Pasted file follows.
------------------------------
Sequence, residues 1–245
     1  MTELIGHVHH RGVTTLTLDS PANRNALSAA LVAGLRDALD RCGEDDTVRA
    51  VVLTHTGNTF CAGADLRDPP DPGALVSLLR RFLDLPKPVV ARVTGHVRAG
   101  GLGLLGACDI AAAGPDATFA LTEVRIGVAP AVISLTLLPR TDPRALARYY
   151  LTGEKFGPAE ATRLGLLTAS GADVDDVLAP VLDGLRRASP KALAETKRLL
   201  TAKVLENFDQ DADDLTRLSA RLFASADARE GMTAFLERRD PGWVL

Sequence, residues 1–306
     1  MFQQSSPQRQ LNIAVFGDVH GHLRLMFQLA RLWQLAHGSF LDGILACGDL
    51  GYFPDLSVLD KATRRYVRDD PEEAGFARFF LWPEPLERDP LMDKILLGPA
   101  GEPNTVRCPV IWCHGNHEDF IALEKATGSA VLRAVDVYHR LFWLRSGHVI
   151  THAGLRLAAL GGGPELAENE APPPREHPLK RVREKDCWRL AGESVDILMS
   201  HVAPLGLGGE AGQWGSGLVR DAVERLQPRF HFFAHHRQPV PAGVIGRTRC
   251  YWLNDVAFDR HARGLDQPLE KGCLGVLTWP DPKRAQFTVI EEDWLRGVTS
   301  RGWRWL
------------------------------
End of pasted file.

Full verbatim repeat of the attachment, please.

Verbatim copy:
Sequence, residues 1–245
     1  MTELIGHVHH RGVTTLTLDS PANRNALSAA LVAGLRDALD RCGEDDTVRA
    51  VVLTHTGNTF CAGADLRDPP DPGALVSLLR RFLDLPKPVV ARVTGHVRAG
   101  GLGLLGACDI AAAGPDATFA LTEVRIGVAP AVISLTLLPR TDPRALARYY
   151  LTGEKFGPAE ATRLGLLTAS GADVDDVLAP VLDGLRRASP KALAETKRLL
   201  TAKVLENFDQ DADDLTRLSA RLFASADARE GMTAFLERRD PGWVL

Sequence, residues 1–306
     1  MFQQSSPQRQ LNIAVFGDVH GHLRLMFQLA RLWQLAHGSF LDGILACGDL
    51  GYFPDLSVLD KATRRYVRDD PEEAGFARFF LWPEPLERDP LMDKILLGPA
   101  GEPNTVRCPV IWCHGNHEDF IALEKATGSA VLRAVDVYHR LFWLRSGHVI
   151  THAGLRLAAL GGGPELAENE APPPREHPLK RVREKDCWRL AGESVDILMS
   201  HVAPLGLGGE AGQWGSGLVR DAVERLQPRF HFFAHHRQPV PAGVIGRTRC
   251  YWLNDVAFDR HARGLDQPLE KGCLGVLTWP DPKRAQFTVI EEDWLRGVTS
   301  RGWRWL